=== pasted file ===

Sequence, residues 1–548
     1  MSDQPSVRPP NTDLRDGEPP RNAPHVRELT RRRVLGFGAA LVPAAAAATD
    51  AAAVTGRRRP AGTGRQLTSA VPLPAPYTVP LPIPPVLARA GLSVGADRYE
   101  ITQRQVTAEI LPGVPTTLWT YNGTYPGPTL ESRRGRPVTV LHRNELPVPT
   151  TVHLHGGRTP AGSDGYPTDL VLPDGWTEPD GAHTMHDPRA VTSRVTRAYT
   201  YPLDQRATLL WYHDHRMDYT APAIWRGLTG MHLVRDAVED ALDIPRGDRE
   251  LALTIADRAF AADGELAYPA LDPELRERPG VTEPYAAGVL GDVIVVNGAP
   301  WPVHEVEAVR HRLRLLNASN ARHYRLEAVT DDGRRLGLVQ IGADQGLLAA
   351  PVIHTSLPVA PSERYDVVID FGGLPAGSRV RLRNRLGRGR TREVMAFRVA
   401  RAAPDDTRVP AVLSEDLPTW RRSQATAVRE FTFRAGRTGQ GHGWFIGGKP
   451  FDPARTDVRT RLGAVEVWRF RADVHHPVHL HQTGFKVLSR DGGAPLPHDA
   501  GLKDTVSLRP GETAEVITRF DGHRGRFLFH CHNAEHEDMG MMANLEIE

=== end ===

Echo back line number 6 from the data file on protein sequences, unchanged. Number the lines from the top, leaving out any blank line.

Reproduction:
   201  YPLDQRATLL WYHDHRMDYT APAIWRGLTG MHLVRDAVED ALDIPRGDRE